For years the desperate migrants who boarded small boats on Lebanon's northern coast were mostly Syrians or Palestinians. But with Lebanon in freefall, it's citizens have started joining the ranks of those fleeing for Europe. Joe Davies reports.
Volunteer Suzie Cooper describes what it was like rescuing people andassessing half-toppled buildings in the aftermath of the Beirut explosion inearly August. She spoke with the PA news agency just hours before the Lebanesecapital was hit by a second disaster - a huge fire in the port just a monthafter the blast.
Credit: PA - Press Association STUDIO Duration: 01:24Published
Lebanon's Beirut reels from a huge blast that killed at least 100. The powerful explosion also wounded more than 4,000 people. The blast was the most powerful ever to rip through Beirut. Intensity of the blast threw victims into the sea where rescue teams tried to recover bodies. Many of those killed were port and custom employees and people working in the area. Victims also included people who were driving through during the Tuesday evening rush hour. People gathered at the cordon to Beirut port seeking information on missing relatives. Officials said that the death toll was expected to rise. The blast took place at a port's warehouses that stored highly explosive material. Lebanese President Michel Aoun said that 2,750 tonnes of ammonium nitrate, used in fertilisers and bombs, had been stored for six years without safety measures. Lebanese Prime Minister Hassan Diab pledged to take action against those responsible. French President Emmanuel Macron said he would fly to the shattered Lebanese capital. Other countries have also been sending emergency aid, search and rescue teams. Initial probe has indicated years of inaction and negligence over storage of explosive material. However, it's still unclear what caused the blast, which appeared to have been triggered by a fire.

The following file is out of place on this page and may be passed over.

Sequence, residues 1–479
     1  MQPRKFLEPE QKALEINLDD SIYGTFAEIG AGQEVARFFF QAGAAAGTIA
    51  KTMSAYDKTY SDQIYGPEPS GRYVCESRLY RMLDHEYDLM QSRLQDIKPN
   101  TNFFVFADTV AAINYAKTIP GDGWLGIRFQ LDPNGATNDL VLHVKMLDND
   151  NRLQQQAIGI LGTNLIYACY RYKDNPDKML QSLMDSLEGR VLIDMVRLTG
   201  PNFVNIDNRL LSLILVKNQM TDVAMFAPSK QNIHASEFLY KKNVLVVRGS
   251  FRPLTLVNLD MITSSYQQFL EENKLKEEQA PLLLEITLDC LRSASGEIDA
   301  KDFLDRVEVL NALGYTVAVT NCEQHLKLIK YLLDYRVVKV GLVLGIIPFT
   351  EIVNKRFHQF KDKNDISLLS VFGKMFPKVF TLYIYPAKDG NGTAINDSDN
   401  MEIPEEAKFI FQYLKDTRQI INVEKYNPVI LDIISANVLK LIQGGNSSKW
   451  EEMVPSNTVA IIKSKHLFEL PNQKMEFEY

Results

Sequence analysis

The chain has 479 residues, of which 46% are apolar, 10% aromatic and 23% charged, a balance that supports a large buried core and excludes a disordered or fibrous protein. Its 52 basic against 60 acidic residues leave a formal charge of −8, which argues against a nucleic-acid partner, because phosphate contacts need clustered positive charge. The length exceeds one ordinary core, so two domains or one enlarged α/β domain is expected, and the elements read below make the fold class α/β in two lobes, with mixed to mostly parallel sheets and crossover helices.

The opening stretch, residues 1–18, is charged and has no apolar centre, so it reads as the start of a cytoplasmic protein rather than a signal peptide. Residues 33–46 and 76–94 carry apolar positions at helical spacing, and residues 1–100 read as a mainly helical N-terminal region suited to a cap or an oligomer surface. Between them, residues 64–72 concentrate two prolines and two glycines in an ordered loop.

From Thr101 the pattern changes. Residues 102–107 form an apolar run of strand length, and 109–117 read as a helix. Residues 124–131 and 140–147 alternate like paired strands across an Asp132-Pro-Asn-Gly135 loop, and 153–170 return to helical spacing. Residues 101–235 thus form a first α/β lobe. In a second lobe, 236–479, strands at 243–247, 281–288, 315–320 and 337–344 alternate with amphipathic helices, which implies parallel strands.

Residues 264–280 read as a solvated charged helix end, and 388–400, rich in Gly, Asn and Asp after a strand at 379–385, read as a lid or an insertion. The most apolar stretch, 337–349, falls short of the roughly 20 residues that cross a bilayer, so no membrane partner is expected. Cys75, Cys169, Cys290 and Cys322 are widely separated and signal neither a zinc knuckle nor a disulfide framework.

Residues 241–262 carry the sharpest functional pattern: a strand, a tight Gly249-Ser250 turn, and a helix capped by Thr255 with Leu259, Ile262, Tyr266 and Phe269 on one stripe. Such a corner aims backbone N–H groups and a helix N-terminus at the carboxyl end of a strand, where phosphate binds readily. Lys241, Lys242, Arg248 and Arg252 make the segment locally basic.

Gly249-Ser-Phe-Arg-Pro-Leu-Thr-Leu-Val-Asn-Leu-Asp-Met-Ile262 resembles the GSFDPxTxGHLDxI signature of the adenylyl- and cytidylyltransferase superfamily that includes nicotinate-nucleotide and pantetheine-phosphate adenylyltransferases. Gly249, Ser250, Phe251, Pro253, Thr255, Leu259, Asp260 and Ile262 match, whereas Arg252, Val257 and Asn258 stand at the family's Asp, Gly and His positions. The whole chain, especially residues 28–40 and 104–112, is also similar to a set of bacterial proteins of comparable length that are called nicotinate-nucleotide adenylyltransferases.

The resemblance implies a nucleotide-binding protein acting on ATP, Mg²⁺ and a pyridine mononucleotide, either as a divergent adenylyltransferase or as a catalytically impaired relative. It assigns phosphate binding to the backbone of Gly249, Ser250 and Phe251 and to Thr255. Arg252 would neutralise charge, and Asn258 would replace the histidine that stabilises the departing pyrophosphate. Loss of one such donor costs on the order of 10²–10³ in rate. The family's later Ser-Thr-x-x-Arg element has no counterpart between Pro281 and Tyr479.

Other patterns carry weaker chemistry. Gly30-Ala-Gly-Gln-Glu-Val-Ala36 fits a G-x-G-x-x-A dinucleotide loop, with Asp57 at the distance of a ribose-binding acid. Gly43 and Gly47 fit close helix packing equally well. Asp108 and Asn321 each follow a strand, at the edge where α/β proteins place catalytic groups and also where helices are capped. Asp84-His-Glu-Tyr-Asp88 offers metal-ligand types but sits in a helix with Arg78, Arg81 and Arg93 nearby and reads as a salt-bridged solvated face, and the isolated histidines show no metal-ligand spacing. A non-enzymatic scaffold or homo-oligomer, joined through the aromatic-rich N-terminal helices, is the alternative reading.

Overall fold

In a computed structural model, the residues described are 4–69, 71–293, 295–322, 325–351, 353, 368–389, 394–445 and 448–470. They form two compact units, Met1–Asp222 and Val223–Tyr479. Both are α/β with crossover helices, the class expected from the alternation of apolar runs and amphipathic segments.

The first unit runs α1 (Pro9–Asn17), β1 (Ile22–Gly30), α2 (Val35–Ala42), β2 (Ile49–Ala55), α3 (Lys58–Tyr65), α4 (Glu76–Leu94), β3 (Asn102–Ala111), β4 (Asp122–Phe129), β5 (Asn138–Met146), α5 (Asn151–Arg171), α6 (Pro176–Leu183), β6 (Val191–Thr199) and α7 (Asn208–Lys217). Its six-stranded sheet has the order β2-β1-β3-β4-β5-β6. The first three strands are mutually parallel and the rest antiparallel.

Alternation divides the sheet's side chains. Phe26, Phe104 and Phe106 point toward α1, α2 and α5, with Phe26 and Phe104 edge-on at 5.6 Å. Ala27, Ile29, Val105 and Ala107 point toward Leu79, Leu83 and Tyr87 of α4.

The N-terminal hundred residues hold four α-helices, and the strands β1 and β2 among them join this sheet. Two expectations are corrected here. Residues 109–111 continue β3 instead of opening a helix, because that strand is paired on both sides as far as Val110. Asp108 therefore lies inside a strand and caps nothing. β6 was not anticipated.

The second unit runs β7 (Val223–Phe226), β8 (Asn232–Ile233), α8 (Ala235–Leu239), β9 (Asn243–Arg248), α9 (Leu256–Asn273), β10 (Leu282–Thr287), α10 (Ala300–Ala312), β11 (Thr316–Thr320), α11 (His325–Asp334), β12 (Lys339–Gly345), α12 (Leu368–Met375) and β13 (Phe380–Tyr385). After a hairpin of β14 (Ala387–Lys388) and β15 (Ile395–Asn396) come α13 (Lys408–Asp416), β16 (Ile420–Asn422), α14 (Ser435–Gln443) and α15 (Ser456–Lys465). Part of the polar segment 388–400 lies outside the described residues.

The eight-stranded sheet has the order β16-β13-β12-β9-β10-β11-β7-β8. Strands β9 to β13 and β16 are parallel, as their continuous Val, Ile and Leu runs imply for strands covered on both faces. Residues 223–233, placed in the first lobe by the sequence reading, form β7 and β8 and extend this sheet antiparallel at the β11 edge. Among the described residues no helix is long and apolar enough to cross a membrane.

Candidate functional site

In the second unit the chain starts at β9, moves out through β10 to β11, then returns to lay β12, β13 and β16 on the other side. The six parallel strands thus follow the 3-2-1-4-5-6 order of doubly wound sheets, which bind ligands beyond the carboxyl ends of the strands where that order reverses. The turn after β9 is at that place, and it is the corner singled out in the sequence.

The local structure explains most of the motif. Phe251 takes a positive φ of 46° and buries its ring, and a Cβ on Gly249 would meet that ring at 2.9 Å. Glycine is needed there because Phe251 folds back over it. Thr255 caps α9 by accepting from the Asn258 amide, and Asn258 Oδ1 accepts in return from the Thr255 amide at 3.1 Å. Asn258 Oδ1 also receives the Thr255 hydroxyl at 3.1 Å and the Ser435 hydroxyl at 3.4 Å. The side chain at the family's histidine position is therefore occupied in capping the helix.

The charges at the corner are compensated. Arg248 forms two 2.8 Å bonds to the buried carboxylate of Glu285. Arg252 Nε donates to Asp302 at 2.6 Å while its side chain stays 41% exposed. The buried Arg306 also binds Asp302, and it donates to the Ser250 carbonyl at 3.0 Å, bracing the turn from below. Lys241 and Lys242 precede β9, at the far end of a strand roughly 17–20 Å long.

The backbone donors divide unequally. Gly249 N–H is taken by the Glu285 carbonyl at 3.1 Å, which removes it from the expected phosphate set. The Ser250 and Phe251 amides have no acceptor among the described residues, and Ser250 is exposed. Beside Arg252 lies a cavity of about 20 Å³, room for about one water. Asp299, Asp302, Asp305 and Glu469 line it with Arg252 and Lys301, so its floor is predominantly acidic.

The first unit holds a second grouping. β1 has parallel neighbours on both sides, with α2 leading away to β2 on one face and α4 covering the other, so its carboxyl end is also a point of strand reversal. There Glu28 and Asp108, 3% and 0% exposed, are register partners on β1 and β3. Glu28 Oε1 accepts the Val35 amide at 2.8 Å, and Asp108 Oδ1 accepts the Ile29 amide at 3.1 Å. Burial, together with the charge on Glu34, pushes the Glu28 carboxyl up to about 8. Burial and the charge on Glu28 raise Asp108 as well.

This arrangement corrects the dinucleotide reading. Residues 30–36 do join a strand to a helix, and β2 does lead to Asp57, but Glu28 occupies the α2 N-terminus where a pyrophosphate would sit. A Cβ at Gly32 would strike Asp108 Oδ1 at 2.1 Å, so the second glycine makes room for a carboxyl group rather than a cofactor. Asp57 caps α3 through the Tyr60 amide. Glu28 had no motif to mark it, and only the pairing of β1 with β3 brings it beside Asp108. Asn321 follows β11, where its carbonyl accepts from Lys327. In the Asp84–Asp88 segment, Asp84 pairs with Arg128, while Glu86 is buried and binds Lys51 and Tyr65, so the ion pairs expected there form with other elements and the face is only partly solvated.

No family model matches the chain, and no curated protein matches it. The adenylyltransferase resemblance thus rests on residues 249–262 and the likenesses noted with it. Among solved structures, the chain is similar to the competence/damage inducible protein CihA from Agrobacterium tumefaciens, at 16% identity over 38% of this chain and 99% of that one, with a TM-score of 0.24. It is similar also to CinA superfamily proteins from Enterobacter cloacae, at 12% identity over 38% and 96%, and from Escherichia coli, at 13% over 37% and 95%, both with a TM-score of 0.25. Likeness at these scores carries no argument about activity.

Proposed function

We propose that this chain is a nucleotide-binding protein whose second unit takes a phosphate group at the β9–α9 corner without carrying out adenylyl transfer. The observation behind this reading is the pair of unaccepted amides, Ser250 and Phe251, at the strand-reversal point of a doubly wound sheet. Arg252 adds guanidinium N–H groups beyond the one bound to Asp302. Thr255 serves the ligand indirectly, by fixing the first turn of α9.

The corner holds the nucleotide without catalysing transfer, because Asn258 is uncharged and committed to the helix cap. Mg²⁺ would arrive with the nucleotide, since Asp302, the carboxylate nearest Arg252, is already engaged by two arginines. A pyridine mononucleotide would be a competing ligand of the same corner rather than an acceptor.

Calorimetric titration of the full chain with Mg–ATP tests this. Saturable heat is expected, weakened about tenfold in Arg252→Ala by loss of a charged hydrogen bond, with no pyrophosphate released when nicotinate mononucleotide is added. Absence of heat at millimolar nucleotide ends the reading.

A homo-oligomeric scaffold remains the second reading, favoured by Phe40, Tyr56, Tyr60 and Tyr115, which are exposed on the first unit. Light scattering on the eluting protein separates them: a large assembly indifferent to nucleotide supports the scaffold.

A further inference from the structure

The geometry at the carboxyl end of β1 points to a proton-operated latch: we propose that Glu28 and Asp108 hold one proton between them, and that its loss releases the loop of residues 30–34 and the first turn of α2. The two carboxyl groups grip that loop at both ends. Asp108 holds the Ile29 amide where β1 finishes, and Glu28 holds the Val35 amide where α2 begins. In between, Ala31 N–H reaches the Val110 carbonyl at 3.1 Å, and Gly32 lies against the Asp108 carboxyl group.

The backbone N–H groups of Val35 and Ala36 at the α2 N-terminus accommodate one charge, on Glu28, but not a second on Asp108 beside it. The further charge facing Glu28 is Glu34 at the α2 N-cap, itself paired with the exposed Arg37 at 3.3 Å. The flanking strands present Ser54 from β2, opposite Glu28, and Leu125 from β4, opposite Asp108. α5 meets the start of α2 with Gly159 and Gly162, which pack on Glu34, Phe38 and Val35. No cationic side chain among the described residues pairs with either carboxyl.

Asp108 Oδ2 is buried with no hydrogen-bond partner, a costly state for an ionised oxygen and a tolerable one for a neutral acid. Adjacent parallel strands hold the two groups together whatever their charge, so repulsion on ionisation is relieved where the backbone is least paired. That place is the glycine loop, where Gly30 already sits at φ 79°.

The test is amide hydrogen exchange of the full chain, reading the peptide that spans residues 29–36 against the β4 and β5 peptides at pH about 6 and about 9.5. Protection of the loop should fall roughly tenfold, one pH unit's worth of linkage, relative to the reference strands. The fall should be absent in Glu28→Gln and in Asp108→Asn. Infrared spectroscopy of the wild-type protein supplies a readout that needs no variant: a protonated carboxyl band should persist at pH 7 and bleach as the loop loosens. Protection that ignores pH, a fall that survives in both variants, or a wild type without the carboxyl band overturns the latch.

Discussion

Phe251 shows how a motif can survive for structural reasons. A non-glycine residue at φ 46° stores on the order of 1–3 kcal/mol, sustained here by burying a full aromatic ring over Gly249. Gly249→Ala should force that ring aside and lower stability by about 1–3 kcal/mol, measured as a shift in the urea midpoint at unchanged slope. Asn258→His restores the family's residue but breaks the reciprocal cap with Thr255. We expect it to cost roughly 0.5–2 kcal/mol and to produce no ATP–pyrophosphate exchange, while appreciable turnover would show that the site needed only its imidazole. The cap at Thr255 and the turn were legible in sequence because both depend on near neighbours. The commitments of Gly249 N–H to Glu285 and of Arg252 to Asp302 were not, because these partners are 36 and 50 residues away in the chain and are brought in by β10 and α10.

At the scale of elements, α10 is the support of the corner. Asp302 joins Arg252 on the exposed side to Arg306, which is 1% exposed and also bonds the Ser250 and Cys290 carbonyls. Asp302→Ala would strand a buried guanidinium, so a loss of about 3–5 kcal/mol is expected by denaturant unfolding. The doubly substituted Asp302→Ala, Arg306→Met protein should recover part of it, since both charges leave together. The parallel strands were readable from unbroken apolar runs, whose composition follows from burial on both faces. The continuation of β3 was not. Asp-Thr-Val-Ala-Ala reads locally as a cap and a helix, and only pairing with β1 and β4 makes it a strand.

Credit: HT Digital Content Duration: 03:05Published